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Autopilot - do you use in frequent lane change conditions?

Collecting my Tesla M3 LR on the 11th, which will be my first Tesla. I'm trying to weigh up whether I should pay for Enhanced Autopilot after collection or not. I've watched a bunch of YouTube videos, and read a lot of threads, and it seems that most people in the UK think it isn't worth the money. From what I can see, in the UK the automatic parking is more of a cool party trick the few times it successfully detects a space than something that people can rely on for every day parking. Also looks like in the UK that smart summon is basically useless unless you have a very specific regular driving situation like a tight garage or something.

Therefore, that really just leaves the automatic lane changing. This tempts me because it looks like, otherwise, you would have to manually disengage and reengage autopilot with every lane change you do. This seems like it would be annoying to me.

So I was wondering how owners with Autopilot (but not Enhanced Autopilot) tend to use it on busy motorways/dual carriageways where you're having to change lane to overtake multiple times every minute? Do you disable it (either using the stalk, or by making a deliberate steering wheel input), make the lane change, re-enable it by pressing down on the stalk twice, overtake the car, disable it, make the lane change back into the left lane, re-enable it by pressing down on the stalk twice? Doing this several times a minute sounds like a real faff! Or do you just only use it in very light traffic where you can go a long time between lane changes?

On most British motorways, you're lucky if you can go more than a minute without changing lanes if you're trying to stick to 70mph I find unless it is the middle of the night.
 

Billbrown1982

TM3 LR 2021 | Red | FSD
Dec 21, 2020
705
414
Basildon
Agree too. The 95% reproducible phantom brake from lane 3 > lane 2 with HGV in lane 1 is extremely tedious.

I'm gonna admit to being very Biased here, being a truck driver. But personally I would never advise doing that. As your moving into lane 2, if your in such a position that your risking phantom breaking then I can almost guarantee you are also moving into the HGV's blind spot.

If that same HGV is preparing/in progress of moving out into Lane 2....it can be nasty. Its just something I never did as a car driver and now do even less that I can see both sides.

Totally get its not always an option, but if at all possible, get in front of the HGV before you move over. 2 birds, one stone.
 
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Wol747

Active Member
Aug 26, 2017
1,666
1,009
Tea Gardens
....and could I add - many trucks appear unable to see something straight ahead of the cab. A few years ago we were stationary at lights, with a big rig just behind: the lights changed and before we could move the truck accelerated into our rear and continued, pushing us across the intersection and 100 yds further until he realised we were part of his rig by then.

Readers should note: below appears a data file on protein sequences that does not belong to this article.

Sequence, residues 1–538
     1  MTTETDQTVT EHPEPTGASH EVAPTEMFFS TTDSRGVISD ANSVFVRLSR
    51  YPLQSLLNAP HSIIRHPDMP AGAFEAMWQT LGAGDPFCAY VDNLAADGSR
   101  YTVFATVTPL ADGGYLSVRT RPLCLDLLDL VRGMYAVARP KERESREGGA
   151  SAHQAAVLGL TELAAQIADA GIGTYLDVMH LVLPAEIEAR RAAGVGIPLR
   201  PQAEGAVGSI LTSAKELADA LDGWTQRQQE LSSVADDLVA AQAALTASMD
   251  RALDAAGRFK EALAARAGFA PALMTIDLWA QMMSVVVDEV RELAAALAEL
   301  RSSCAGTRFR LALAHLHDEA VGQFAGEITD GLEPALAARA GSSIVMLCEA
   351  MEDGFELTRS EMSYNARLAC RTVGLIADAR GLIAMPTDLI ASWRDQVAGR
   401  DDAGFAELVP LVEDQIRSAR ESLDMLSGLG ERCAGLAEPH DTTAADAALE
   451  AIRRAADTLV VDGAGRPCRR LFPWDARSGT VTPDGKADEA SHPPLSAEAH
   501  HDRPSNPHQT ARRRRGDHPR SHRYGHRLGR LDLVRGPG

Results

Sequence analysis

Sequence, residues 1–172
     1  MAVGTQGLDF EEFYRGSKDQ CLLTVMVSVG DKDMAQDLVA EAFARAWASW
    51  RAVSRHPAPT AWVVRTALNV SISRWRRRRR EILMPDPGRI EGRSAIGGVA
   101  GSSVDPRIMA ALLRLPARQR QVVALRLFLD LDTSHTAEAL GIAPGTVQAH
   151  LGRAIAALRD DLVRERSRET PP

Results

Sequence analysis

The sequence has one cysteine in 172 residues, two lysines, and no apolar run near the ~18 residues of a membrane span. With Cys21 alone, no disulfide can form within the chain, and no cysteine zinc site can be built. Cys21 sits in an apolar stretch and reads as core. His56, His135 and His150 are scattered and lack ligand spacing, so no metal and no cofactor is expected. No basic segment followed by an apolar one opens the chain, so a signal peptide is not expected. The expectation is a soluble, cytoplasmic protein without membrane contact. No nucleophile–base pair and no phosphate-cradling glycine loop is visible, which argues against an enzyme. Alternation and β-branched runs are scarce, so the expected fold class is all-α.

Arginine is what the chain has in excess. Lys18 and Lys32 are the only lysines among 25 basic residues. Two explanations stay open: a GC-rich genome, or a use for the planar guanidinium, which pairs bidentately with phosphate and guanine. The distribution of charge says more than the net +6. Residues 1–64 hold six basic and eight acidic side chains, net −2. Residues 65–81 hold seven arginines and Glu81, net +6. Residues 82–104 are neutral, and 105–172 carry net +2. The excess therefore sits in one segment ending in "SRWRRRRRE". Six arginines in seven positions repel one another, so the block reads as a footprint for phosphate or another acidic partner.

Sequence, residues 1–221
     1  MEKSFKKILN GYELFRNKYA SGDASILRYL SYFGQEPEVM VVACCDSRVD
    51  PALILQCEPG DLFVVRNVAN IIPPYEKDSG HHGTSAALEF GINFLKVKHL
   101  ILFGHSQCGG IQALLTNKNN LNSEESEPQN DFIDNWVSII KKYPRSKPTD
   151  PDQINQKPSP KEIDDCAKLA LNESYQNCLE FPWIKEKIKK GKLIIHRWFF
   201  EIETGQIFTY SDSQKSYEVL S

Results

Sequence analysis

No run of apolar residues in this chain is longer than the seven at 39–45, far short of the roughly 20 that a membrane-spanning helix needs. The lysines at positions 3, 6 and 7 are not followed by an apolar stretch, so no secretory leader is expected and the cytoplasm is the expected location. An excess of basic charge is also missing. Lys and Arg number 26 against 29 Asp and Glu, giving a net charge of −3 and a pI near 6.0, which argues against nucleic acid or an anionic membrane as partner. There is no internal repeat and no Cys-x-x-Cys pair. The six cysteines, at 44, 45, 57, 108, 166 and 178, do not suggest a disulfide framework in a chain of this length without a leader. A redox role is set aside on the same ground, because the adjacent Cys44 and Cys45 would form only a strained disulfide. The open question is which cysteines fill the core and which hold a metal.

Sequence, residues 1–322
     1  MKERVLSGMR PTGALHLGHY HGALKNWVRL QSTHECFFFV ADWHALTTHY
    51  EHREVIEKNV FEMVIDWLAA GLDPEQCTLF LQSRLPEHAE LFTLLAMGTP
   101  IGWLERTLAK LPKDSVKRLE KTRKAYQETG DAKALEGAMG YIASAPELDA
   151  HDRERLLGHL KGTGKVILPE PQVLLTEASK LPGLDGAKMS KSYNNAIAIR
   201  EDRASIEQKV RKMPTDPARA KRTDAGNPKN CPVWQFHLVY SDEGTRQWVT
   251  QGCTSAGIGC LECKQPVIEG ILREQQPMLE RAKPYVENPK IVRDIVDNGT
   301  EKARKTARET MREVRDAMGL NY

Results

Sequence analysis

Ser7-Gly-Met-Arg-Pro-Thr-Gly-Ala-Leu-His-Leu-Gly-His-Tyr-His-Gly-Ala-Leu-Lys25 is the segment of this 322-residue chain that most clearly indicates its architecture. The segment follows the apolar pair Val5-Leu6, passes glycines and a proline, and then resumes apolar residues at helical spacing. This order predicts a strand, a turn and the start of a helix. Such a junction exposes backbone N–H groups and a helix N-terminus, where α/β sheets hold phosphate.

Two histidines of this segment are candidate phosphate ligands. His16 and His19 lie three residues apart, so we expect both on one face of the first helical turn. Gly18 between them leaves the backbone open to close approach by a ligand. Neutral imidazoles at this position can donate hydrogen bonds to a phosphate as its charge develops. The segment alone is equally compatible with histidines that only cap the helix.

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'm gonna admit to being very Biased here, being a truck driver. But personally I would never advise doing that. As your moving into lane 2, if your in such a position that your risking phantom breaking then I can almost guarantee you are also moving into the HGV's blind spot.
Agreed. I try to avoid changing lane towards anyone in lane 1 - in fact, I have a vague recollection that a test case placed the blame on the person changing back into lane 2 for a collision due to them having a better view of the situation.

The problem with the Tesla is that it'll frequently place an HGV in the wrong place even when you're well past. I usually have to leave a full lorry length before it'll move back from lane 3 to lane 2 if there's an HGV in lane 1.
 
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Billbrown1982

TM3 LR 2021 | Red | FSD
Dec 21, 2020
705
414
Basildon
....and could I add - many trucks appear unable to see something straight ahead of the cab. A few years ago we were stationary at lights, with a big rig just behind: the lights changed and before we could move the truck accelerated into our rear and continued, pushing us across the intersection and 100 yds further until he realised we were part of his rig by then.

Some of the higher cabs have got a real nasty blindspot directly infront of the front bumper. They "should" have a mirror to negate that, not that everyone uses it mind. I won't even pretend that most HGV drivers are "professional" because the more I do this job, the more so called drivers I see that make me want to facepalm myself into oblivion.
 
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